Pasco elementary teachers get directions on third-grade midyear promotions
With the end of the first quarter Friday, Pasco County third grade teachers received direction reminding them how to process any mid-year promotions of retained students.
The Pasco district was one of seven sued over the summer because of accusations that it did not follow state law relating to promotions and portfolios. That case remains in limbo on appeal after a Leon County judge initially ruled in the students' favor.
Pasco school district officials, who repeatedly stated they offered the portfolio option even if a student had no state test score, sent out materials explaining what the portfolios should include for children to demonstrate they read well enough to be in fourth grade.
The district's mid-year promotion form reflects state requirements, and provides more specific direction:
Portfolio documentation must:
- Be selected by the student's teacher.
- Be an accurate picture of the student's ability and only include student work that has been independently produced in the classroom.
- Include evidence that the standards assessed by the grade 3 FSA-ELA have been met. Such documentation could include performance on the state provided examples, unit tests from the adopted core reading curriculum, evidence recorded in IRLA, as well as district developed quarterly checks. For each standard, at least three examples of master as demonstrated by 70 percent or above on each sample, is required.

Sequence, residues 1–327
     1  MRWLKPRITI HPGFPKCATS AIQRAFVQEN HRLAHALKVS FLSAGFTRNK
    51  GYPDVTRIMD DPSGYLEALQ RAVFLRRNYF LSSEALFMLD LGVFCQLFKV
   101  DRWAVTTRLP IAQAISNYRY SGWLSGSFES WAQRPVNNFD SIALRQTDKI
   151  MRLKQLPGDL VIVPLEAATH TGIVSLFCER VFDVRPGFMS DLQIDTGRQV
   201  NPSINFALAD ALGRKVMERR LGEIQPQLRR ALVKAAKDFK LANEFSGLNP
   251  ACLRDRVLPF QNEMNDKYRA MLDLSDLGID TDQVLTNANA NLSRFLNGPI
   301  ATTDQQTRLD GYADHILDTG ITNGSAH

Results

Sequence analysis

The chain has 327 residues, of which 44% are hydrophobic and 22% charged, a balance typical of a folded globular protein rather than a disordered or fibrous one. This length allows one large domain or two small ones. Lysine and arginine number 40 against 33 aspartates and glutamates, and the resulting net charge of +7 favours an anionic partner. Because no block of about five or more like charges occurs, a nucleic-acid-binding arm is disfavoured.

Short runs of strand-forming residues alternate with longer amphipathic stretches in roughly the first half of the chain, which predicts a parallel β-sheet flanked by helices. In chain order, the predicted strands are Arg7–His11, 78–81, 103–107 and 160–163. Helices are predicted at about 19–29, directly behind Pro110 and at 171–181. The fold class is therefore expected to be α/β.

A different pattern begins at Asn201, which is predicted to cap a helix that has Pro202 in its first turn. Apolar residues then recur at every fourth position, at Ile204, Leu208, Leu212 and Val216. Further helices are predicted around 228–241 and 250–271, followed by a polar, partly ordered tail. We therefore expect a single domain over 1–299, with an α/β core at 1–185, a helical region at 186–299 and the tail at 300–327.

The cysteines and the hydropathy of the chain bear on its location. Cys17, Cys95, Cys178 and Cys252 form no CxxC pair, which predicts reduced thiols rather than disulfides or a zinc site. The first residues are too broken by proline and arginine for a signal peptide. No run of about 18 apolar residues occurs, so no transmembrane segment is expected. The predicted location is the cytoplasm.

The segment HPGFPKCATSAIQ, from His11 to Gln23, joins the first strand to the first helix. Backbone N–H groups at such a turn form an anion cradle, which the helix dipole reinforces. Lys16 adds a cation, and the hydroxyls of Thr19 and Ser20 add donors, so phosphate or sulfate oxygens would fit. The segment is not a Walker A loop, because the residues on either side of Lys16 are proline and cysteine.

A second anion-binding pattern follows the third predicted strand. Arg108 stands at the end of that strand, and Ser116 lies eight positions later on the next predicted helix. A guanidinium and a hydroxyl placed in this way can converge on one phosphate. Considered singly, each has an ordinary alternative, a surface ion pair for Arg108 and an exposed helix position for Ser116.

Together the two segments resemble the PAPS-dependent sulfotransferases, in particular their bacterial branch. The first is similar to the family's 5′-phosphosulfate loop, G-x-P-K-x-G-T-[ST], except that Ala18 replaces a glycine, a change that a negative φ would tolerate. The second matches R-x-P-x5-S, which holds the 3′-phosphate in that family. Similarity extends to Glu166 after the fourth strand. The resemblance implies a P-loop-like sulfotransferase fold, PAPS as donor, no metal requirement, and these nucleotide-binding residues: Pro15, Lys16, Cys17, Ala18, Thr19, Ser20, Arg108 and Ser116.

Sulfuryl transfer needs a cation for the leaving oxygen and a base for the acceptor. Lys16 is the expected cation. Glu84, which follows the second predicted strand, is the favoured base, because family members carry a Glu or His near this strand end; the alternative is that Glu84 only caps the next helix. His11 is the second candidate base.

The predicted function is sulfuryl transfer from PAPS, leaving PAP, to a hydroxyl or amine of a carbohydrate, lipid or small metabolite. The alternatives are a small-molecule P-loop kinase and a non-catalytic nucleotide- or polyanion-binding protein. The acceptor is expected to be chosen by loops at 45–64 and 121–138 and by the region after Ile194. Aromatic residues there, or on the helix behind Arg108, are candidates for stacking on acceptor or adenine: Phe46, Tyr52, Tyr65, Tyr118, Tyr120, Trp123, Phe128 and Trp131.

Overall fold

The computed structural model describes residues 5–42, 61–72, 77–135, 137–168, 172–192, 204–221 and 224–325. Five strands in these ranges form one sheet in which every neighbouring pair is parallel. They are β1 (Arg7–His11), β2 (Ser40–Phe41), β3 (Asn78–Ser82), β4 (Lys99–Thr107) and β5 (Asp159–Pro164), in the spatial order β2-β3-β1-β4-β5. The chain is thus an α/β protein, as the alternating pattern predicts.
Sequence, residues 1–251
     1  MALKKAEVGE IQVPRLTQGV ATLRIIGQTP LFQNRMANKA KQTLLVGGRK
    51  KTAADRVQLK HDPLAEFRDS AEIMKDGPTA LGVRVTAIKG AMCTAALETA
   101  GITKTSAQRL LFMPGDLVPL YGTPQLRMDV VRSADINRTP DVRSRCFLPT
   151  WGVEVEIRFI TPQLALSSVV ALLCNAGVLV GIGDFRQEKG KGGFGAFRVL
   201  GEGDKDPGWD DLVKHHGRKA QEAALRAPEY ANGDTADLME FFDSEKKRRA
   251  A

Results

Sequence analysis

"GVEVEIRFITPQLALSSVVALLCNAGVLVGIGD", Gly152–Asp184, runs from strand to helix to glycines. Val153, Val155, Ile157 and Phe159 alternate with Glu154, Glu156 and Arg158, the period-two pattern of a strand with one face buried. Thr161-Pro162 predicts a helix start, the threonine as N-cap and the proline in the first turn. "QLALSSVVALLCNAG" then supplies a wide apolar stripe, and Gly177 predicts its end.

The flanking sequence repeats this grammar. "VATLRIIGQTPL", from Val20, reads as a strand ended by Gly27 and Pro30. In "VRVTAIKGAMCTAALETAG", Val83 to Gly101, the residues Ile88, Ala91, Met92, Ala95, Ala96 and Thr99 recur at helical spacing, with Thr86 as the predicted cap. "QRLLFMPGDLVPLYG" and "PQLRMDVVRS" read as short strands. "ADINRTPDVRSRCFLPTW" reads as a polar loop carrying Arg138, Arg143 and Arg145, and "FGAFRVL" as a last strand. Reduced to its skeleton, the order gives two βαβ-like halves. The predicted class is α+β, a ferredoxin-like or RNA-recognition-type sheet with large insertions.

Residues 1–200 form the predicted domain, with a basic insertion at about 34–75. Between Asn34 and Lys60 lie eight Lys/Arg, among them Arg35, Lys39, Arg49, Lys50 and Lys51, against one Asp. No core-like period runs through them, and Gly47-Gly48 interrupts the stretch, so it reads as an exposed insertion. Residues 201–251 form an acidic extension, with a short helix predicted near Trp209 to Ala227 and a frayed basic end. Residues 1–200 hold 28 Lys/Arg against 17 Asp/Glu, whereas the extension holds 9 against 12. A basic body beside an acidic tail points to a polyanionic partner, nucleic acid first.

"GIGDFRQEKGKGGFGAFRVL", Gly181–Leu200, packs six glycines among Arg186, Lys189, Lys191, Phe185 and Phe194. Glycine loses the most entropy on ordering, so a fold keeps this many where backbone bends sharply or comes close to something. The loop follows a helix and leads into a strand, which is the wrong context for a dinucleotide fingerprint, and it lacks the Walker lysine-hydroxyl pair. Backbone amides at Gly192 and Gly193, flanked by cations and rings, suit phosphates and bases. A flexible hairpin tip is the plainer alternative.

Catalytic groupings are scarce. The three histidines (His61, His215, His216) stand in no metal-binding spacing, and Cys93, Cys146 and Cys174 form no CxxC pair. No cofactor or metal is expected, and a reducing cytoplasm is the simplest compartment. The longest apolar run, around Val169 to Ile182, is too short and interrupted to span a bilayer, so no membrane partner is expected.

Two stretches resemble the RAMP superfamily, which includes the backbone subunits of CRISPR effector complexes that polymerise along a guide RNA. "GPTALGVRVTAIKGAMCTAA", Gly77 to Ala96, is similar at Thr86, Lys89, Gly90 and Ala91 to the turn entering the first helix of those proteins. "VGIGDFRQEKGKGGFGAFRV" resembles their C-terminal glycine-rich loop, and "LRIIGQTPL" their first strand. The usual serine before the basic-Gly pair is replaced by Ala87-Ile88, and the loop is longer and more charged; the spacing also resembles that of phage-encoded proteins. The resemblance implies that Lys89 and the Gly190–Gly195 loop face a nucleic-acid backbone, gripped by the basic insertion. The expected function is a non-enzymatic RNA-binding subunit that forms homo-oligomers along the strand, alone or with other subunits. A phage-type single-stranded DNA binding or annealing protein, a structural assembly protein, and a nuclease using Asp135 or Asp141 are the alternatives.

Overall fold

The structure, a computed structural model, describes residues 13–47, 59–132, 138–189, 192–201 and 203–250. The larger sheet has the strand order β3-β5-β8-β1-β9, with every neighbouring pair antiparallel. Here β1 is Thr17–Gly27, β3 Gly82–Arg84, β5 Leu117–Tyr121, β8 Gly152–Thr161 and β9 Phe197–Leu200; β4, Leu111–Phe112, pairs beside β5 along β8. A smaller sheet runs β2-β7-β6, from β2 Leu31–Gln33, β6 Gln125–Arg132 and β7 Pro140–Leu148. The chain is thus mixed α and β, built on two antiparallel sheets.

- An IRLA summary report may be used as Portfolio documentation. Evidence must indicate demonstration mastery of standards at the WHITE and BLACK reading levels and on-target performance at 4.2.
- Be signed by the teacher and the principal as an accurate assessment of the required reading skills.
The student also could earn promotion by scoring at the 51st percentile or above on the SAT-10, based on fourth-grade fall expectations.
Some parents have complained that this type of portfolio still relies on testing, which they are trying to avoid. They have pushed for more dependence on classroom lessons and report card grades. State lawmakers so far have shown no indication of desire to change the law, while districts have asked for more specific direction on third grade promotion rules.
Florida was the first state to require third graders to pass a reading test to earn their move to fourth grade. Several others have since followed suit.